This article was well written by an active real estate agent in California. Just wanted to share with my readers - this explains why some offers can be lower in acceptance price but more advantageous for the seller. It all deals with terms and conditions.
Why was my offer not accepted by the seller even though we offered higher than the list price?
In my neck of the woods in Alameda , Oakland and Piedmont CA, we’ve had listings during which the winning buyers were not always those who wrote the highest offers.
This is not unusual. Buyers who track the progress of sold properties on which they submitted offers are very surprised when they found out they wrote higher offers but lost anyway.
NOTE: List price should NOT be the sole basis of your offer. List price is all part of the pricing strategy -- some agents list less than market value in order to stimulate a bidding situation.
So what are some of the reasons why the highest offer doesn’t always win?
Take a close look at the details of your offer. Highest price alone doesn’t guarantee the offer is the best one, especially in a competitive situation where there are several offers on the table.
Initial deposit You submitted less than 1% of the offer price as your initial deposit.
The higher the better. The higher initial deposit shows seriousness on the part of the buyer to commit resources to complete the transaction. It also shows how much buyer is willing to risk.
Are you getting an FHA loan? This may not be as attractive to sellers who are receiving offers for cash or conventional loan.
In short sales, negotiators typically want 30 days or less to close escrow from the time they grant approval. Some FHA lenders may need longer than 30 days which could put the short sale transaction in jeopardy
Escrow period Sellers are in a hurry to close (heck, they’ve already moved) but you want an escrow period longer than 30 days Buyer investigation period It’s a competitive situation, but you still specified 17 days to do your inspections. Most realtors can find you inspectors who can get there sooner. And typically, buyers will know from the results of the inspections whether they want to move forward or not. And if you decide to back out, the sooner you back out, the sooner the seller can put the property back on the market. Pest Inspection mentioned in the contract You asked the seller to pay for your inspections. And you specified wood-destroying organism/pest inspections. Didn’t you and your realtor know that this raises a huge RED flag among loan underwriters who may insist that Section 1 items of the pest report are cleared/repaired/replaced before they approve the loan?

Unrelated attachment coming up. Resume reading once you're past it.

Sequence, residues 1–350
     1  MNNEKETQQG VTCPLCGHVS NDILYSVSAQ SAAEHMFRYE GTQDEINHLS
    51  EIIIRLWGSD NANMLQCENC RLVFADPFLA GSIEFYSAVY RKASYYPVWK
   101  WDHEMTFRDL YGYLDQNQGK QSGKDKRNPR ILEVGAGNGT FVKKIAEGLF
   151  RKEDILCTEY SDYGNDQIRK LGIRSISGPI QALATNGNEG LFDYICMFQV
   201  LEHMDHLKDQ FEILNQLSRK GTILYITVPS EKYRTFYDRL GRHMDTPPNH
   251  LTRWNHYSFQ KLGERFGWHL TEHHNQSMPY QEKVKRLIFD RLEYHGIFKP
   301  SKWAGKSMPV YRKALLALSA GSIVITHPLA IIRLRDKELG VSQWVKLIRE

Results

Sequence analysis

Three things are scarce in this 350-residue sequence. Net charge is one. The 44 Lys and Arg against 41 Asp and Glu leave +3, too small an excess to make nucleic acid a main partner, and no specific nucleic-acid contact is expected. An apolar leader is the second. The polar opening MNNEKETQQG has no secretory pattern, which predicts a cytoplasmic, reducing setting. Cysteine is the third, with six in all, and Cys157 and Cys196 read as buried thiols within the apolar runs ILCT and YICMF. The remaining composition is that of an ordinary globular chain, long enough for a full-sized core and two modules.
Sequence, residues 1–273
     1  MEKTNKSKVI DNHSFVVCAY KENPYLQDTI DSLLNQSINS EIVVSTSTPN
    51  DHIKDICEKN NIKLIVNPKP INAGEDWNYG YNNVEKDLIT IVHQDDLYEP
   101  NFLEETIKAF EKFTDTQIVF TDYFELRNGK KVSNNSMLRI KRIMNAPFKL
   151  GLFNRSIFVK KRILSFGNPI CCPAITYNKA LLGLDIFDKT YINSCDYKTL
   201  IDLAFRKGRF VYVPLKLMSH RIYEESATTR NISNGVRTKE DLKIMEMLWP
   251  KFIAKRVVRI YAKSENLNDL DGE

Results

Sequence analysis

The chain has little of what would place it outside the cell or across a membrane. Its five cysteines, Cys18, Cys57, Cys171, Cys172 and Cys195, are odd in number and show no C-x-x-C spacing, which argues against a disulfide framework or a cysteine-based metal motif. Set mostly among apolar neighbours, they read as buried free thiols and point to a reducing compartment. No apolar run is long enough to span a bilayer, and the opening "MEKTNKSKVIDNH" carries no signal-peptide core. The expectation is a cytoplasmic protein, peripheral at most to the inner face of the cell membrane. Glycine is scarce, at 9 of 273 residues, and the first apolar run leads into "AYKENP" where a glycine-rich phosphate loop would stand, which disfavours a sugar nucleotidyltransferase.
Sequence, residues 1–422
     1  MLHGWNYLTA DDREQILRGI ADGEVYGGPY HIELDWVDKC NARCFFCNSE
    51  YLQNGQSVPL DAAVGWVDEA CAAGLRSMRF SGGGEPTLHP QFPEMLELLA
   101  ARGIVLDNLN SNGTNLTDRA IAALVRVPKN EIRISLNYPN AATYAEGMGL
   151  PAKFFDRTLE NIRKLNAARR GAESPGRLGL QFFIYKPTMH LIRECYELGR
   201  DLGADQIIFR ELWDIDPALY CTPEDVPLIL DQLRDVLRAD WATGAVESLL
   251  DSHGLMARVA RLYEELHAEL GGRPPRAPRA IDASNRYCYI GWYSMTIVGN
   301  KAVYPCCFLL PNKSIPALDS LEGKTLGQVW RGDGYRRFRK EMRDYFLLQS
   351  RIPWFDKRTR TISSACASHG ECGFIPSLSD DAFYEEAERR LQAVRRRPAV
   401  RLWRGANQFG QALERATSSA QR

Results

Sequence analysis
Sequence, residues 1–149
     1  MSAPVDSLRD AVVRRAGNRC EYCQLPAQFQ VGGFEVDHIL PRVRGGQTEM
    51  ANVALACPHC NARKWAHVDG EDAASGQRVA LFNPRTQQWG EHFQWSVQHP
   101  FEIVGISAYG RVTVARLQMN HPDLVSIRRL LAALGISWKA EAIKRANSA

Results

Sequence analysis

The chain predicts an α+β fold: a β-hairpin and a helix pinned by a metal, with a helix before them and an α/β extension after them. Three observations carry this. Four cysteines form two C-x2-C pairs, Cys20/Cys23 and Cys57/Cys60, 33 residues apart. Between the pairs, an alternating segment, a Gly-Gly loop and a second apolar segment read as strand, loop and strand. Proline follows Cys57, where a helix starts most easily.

Most seller will NOT agree to this up front.
Escrow fees and closing costs You asked seller to pay for your escrow fees and closing costs. Do you know how much your escrow fees and closing costs are, and is it worth losing out on this sale for that amount? City and county transfer taxes It’s best to go with what’s customary in your area. Most sellers will accept that condition. But if you ask the seller to pay for all of these, then you might as well just move on to your next offer. Repairs and credits
If it's an AS IS sale (typical of short sale or bank-owned listings), it's NOT a good idea to asl for repairs/credits in the offer before it is accepted and before you even have inspections done. You can wait to ask for it later, depending on the degree and amount of repairs that must be done, and assuming you’re still willing to move forward.
HOA fees where applicable Sellers will normally pay for the cost of getting the HOA documents/ And they are also responsible for keeping up with the HOA payments.
But transferring the HOA membership from theirs to the new buyer is typically borne by the buyer. This is a minor issue, but could be an irritant if the buyer asks for seller to pay for all HOA-related items.
What stays with the house The MLS usually states what the seller is willing to leave behind.
But you asked for the sun and the moon, including some of the seller’s personal property.
Short sale specifics Most short sale listing agents want total commitment from the buyer to stick it out, and will ask buyer to
- open escrow upon acceptance by the seller and before receipt of short sale approval
- longer waiting period
But you don’t want to commit, and didn’t do either one. Whereas your competition did. So which buyer do you think the seller would believe more?
Other REALTORs will surely weigh in on more reasons why some offers are rejected by the seller, even when such offers at first glance appear to be decent (but not the best) offers.